The New Student's Reference Work/Orange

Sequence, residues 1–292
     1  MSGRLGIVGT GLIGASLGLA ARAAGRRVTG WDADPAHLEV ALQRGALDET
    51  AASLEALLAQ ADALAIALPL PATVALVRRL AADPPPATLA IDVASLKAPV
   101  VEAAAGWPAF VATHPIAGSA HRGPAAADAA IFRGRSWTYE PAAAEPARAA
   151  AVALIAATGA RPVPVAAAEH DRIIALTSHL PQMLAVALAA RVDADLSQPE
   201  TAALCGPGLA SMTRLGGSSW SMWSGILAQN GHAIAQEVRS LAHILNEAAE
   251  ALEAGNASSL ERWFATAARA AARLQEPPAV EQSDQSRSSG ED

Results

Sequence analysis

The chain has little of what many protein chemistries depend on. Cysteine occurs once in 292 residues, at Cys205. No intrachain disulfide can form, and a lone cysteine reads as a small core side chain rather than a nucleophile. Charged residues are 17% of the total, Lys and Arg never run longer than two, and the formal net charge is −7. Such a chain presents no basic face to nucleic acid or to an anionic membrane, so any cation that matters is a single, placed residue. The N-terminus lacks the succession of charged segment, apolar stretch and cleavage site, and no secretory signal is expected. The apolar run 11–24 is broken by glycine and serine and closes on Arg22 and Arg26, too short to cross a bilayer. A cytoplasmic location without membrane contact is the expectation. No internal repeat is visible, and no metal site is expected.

Or'ange, the fruit of Curus aurantium and its varieties. To the same genus belong the limes, citrons, grape-fruits etc. All the species of the genus are natives of tropical and subtropical Asia, but are now extensively cultivated throughout the warmer regions of the world. In the United States orange cultivation centers in Florida, the delta region of the Mississippi and in California. Portions of Texas, New Mexico and Arizona are well-adapted for commercial cultivation. The orange was introduced into this country by the early Spanish explorers, here increased and formed wild groves of large extent. It is a long-lived tree, bears to a great age, is evergreen, and its glossy leaves are set off by snowy blossoms of exceeding fragrance. Blossom, green and ripe fruit may be seen at one time on the same tree. In cultivation it rarely exceeds 30 feet in height, and is a low-branching tree. It is attacked by various diseases, rot, blight and mould, and requires careful cultivation and watching. Scale insects have worked much damage to the orange crop. The red scale is kept in check by fumigating and by spraying. The white or fluted scale, formerly very destructive in California, has been practically vanquished by the Australian ladybird. Oranges are usually cut by hand and kept a few days before packing. There are numerous cultivated forms, the so-called navel oranges being an accidental variation. Among the commoner forms are the common sweet orange, a native of India, among whose most prized cultural forms are the Washington navel and Riverside navel; and the mandarin or kid-glove orange, a native of China, various cultivated forms being known as mandarins and tangerines.